The Golden Age Of Open Protocols

Protocols are a geeky topic. It’s way more interesting to talk about applications. People will go on and on about why they like gmail or some other email application. But not a lot of people get excited about SMTP and IMAP which are the underlying email protocols that allow the gmail application to talk to other email applications.

Open protocols are at the heart of many of the most important systems that we have. The Internet works because of TCP/IP. The web works because of HTTP. Email works because of SMTP. These are open systems that developers can build applications on top of. There are plenty of proprietary protocols out there too. But proprietary protocols tend to lock in users and drive value to the owners of the proprietary protocol, like Microsoft, Apple, Google, etc.

One of the problems we have had in tech is that there aren’t large monetary incentives to create and sustain open protocols. If they are open they cannot be easily monetized by traditional means.

However, that is changing with the emergence of blockchain technology and crypto-tokens. My partner Albert wrote an important post about this last week. Here are a couple paragraphs from that post:

Now, however, we have a new way of providing incentives for the creation of protocols and for governing their evolution. I am talking about cryptographic tokens. You can think of these like the tokens you might buy at a fair to get on a ride: different operators can have their own rides and set their own price in terms of tokens. You only need to buy tokens once (in exchange for fiat currency) and then can use them throughout the fair. With blockchains we now have a way of issuing and redeeming these tokens digitally (the underlying blockchain can be Bitcoin or Ethereum or possibly its own as in the case of Steemit).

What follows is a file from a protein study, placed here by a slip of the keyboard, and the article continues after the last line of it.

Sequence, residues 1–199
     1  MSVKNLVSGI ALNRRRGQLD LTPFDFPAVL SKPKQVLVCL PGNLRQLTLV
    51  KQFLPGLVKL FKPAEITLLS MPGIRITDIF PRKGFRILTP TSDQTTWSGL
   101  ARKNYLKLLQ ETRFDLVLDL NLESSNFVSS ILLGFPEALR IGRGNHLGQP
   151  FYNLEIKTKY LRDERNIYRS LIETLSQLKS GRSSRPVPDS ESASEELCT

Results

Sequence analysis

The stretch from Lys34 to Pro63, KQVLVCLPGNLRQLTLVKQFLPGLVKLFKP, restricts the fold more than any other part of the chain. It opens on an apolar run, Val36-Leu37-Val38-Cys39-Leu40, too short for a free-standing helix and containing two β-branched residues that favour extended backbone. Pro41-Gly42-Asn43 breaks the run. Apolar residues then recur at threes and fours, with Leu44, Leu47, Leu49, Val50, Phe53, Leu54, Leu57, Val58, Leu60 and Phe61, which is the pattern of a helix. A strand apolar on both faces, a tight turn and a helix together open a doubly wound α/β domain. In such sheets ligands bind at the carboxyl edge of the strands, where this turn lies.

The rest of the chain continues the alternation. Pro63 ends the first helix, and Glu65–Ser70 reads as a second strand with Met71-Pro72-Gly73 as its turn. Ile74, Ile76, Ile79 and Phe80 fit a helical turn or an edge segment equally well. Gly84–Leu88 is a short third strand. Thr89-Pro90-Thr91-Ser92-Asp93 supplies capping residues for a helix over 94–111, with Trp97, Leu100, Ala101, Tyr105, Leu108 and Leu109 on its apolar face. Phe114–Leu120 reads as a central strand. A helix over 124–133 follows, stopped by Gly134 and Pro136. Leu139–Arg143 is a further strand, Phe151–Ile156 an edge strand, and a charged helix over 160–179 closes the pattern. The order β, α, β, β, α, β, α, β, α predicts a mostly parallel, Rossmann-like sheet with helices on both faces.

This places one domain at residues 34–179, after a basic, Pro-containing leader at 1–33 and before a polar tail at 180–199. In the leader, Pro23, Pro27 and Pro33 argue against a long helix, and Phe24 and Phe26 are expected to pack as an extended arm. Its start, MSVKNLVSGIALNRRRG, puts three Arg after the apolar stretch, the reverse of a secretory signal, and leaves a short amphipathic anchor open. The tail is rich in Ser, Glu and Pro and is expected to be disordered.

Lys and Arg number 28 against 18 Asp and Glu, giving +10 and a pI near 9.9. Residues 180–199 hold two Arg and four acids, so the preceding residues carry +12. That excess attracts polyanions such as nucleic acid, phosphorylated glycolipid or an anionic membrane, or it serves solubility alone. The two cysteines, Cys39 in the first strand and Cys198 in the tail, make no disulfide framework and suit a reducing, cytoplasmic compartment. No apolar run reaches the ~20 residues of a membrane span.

A for profit company can now create a new protocol and create value for itself (and its investors) by retaining some of the tokens. If the protocol becomes widely used, the value of the tokens will increase. For instance, think of a decentralized storage service (a la Amazon’s S3). Anyone can implement the storage protocol in whatever language they want to as long as they meet the protocol spec. They can then get paid in the relevant storage tokens. The original creator of the protocol will make money to the extent that it is adopted and to the degree they have retained some of the tokens (so they can sell them at a higher price later on). This is not hypothetical as there are a variety of such protocols out there, including Storj, SIA and Filecoin.

This is super important because the more open protocols we have, the more open systems we will have. If Twitter had been built and monetized this way, things could have played out very differently. In the early days of Twitter, there were third party applications (Summize for Search, Tweetie for iOS client, etc). These were all built on Twitter’s API. If Twitter had imagined itself as a protocol instead of an application, these third party applications would not have had to compete with (or get bought by) Twitter. But at the time, there wasn’t an obvious way for Twitter’s founders and management team to benefit from a protocol-based business model.

In this emerging model, Twitter could have adopted a protocol-based approach and issued a crypto-token, Twokens, that users could earn from things like amassing followers, reporting abuse, etc. Twokens could also be sold by the Twitter founding team to finance their operations. Crypto-exchanges could make a market in Twokens so that anyone who wanted to speculate on the future value of the Twitter protocol could do so.

I am not criticizing Twitter for the approach they took. I was there in the early days and was completely bought into and supportive of that approach. It was the one that made the most financial sense at the time. I am also not saying or predicting that some new Twitter competitor is going to emerge using this new model. What I am saying is that we now have a new model that supports a protocol-based business model and I believe we will start to see innovative new protocols emerge that are based on this new business model. Obviously Albert believes that too and so does the rest of USV. As Albert mentions in his post, we are invested in a number of projects that are taking this approach. It’s a brave new world and we are grappling with what it means for us as investors and how we engage with and invest in this model.

But, as I have said many times here at AVC, I believe that business model innovation is more disruptive that technological innovation. Incumbents can adapt to and adopt new technological changes (web to mobile) way easier than they can adapt to and adopt new business models (selling software to free ad-supported software). So this new protocol-based business model feels like one of these “changes of venue” as my partner Brad likes to call them. And that smells like a big investable macro trend to me.